â€œChange might not be fast and it isn’t always easy. But with time and effort, almost any habit can be reshaped.â€
-Charles Duhigg, The Power of Habit: Why We Do What We Do in Life and Business
I’m reading a book calledÂ The Power of Habit. Powerful wisdom and then some.
â€œTypically, people who exercise, start eating better and becoming more productive at work. They smoke less and show more patience with colleagues and family. They use their credit cards less frequently and say they feel less stressed. Exercise is a keystone habit that triggers widespread change.â€
â€œChampions donâ€™t do extraordinary things. They do ordinary things, but they do them without thinking, too fast for the other team to react. They follow the habits theyâ€™ve learned.â€
We are champions.
We are a rich pocketful of habit.
Simple yet diverse.
Clear, clever, complex.
Wholesome while fluid.
We are footsteps of decadent concepts.
We are champions.
Though leads to belief. Belief leads to truth. Think it and you will achieve it…
â€œWillpower isnâ€™t just a skill. Itâ€™s a muscle, like the muscles in your arms or legs, and it gets tired as it works harder, so thereâ€™s less power left over for other things.â€
Time is the tricky part. It takes ample amounts of effort married with patience to achieve the desirable goal.
They say nothing good ever comes easy. SteadyÂ careÂ leads to power.
Yoga helps [me] acquire patience. It’s far from perfection, but it’s forward moving.
The first step lives in knowledge.
â€œSmall wins are exactly what they sound like, and are part of how keystone habits create widespread changes. A huge body of research has shown that small wins have enormous power, an influence disproportionate to the accomplishments of the victories themselves. â€œSmall wins are a steady application of a small advantage,â€ one Cornell professor wrote in 1984. â€œOnce a small win has been accomplished, forces are set in motion that favor another small win.â€4.14 Small wins fuel transformative changes by leveraging tiny advantages into patterns that convince people that bigger achievements are within reach.â€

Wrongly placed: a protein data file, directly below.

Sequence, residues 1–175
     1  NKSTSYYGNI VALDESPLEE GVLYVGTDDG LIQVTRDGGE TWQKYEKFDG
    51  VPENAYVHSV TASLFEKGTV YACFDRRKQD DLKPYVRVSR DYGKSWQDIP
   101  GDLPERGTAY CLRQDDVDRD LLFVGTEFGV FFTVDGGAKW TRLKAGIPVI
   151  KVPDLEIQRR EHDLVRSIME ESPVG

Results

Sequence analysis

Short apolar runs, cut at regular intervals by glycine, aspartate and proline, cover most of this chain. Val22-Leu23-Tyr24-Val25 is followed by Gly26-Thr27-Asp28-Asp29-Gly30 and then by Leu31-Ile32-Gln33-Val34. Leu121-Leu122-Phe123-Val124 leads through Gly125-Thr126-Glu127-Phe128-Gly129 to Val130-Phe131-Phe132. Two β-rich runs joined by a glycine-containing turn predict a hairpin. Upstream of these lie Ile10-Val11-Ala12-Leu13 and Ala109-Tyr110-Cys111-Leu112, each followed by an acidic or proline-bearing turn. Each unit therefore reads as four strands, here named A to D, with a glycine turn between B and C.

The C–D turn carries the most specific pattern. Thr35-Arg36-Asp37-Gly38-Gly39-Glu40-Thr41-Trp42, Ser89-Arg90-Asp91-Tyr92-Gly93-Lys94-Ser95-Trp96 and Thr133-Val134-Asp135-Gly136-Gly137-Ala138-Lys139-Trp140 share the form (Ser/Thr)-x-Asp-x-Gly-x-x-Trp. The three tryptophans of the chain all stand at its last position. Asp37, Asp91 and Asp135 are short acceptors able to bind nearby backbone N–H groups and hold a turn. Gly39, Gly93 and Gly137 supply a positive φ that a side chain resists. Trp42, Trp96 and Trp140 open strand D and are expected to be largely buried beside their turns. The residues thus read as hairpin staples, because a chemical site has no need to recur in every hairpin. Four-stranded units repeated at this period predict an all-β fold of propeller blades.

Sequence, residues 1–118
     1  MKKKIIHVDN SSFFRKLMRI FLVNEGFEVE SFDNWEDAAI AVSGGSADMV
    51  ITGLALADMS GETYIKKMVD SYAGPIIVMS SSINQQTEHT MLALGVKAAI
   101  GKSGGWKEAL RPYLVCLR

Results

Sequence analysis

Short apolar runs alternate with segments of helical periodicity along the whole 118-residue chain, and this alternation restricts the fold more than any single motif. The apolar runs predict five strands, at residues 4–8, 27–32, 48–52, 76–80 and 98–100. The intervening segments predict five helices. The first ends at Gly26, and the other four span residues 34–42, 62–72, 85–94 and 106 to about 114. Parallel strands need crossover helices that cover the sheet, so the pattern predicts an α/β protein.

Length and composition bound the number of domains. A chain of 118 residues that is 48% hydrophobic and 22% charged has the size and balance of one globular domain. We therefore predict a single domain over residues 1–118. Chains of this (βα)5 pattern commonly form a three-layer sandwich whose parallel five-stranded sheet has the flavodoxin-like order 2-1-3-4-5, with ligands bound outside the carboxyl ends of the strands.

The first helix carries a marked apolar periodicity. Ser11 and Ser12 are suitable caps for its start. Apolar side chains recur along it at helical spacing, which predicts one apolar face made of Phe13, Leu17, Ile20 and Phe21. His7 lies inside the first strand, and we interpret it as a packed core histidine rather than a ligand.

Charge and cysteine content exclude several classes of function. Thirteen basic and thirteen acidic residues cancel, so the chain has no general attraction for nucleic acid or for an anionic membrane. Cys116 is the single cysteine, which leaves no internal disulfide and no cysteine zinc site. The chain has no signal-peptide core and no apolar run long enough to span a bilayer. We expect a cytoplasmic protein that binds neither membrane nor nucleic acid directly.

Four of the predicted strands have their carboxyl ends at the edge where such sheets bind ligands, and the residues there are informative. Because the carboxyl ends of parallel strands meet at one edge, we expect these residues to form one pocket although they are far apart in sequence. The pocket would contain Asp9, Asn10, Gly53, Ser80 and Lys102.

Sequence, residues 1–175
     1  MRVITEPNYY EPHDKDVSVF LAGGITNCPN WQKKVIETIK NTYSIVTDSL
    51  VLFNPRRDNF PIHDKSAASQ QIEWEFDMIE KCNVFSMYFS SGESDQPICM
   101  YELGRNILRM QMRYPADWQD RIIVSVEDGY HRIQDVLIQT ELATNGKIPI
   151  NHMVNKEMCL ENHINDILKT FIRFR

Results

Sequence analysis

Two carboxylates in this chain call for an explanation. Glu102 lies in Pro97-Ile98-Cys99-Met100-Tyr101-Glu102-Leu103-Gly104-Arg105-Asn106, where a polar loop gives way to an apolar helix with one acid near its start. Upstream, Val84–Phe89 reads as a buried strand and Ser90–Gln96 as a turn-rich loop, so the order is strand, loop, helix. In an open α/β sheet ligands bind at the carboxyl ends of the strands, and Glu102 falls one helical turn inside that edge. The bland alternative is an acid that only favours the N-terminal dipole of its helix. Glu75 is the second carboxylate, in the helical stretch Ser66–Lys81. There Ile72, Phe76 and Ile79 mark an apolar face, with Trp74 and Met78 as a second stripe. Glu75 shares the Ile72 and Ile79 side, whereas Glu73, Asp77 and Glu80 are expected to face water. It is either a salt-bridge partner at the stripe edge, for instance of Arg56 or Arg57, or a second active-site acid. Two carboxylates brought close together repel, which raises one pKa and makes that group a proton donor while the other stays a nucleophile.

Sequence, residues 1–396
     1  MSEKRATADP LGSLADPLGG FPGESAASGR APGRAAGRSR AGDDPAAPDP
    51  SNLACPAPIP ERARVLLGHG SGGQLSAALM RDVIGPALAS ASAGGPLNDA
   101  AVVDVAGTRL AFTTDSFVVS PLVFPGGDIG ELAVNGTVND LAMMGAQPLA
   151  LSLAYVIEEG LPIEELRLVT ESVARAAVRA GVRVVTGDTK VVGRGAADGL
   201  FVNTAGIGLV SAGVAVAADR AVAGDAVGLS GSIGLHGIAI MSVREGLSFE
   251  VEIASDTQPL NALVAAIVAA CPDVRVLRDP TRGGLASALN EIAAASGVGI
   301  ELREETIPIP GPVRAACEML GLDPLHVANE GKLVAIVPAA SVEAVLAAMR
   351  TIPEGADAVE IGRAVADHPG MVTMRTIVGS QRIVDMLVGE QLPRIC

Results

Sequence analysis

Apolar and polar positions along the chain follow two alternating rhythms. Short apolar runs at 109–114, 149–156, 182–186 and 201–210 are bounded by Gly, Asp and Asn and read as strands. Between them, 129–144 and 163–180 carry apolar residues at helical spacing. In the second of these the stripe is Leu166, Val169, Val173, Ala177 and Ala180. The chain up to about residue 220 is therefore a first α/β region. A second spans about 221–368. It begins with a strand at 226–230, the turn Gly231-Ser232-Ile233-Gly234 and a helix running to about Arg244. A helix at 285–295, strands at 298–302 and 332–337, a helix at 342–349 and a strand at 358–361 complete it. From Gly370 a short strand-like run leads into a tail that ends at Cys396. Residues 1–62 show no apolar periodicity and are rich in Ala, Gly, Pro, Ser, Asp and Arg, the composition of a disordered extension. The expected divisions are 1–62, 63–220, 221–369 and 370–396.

â€œThere is nothing you canâ€™t do if you get the habits right.â€
Read everything that you can (I learned that from my dad).
Always stay interested.
Keep your social life strong (I learned that from my mom).
Enjoy the life that you live.
“We are what we repeatedly do. Excellence, then, is not an act, but a habit.”
Think about your habits and where they’ve gotten you.
Make it a habit to have patience with your goals.
Like L’OrÃ©al says, you’re worth it.